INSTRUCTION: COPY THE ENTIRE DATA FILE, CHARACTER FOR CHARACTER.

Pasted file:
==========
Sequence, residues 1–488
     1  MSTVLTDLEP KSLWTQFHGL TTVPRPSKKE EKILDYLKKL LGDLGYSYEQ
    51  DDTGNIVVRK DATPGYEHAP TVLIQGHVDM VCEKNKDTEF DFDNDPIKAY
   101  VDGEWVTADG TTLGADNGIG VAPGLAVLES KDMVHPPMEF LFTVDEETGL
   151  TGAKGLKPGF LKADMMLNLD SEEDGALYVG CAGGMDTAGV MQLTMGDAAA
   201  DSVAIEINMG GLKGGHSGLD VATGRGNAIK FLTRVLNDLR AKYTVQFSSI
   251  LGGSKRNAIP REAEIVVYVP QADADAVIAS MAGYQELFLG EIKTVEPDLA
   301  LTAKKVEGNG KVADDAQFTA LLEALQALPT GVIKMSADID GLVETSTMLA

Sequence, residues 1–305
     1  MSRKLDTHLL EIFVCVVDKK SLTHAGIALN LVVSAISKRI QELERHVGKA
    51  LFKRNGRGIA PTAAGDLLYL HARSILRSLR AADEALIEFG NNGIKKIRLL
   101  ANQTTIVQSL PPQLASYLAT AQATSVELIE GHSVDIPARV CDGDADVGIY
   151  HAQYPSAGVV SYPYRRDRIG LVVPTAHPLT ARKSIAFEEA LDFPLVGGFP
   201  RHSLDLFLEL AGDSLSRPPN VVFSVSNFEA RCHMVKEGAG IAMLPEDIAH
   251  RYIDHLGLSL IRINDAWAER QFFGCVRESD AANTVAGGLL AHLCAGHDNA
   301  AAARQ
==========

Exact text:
Sequence, residues 1–488
     1  MSTVLTDLEP KSLWTQFHGL TTVPRPSKKE EKILDYLKKL LGDLGYSYEQ
    51  DDTGNIVVRK DATPGYEHAP TVLIQGHVDM VCEKNKDTEF DFDNDPIKAY
   101  VDGEWVTADG TTLGADNGIG VAPGLAVLES KDMVHPPMEF LFTVDEETGL
   151  TGAKGLKPGF LKADMMLNLD SEEDGALYVG CAGGMDTAGV MQLTMGDAAA
   201  DSVAIEINMG GLKGGHSGLD VATGRGNAIK FLTRVLNDLR AKYTVQFSSI
   251  LGGSKRNAIP REAEIVVYVP QADADAVIAS MAGYQELFLG EIKTVEPDLA
   301  LTAKKVEGNG KVADDAQFTA LLEALQALPT GVIKMSADID GLVETSTMLA

Sequence, residues 1–305
     1  MSRKLDTHLL EIFVCVVDKK SLTHAGIALN LVVSAISKRI QELERHVGKA
    51  LFKRNGRGIA PTAAGDLLYL HARSILRSLR AADEALIEFG NNGIKKIRLL
   101  ANQTTIVQSL PPQLASYLAT AQATSVELIE GHSVDIPARV CDGDADVGIY
   151  HAQYPSAGVV SYPYRRDRIG LVVPTAHPLT ARKSIAFEEA LDFPLVGGFP
   201  RHSLDLFLEL AGDSLSRPPN VVFSVSNFEA RCHMVKEGAG IAMLPEDIAH
   251  RYIDHLGLSL IRINDAWAER QFFGCVRESD AANTVAGGLL AHLCAGHDNA
   301  AAARQ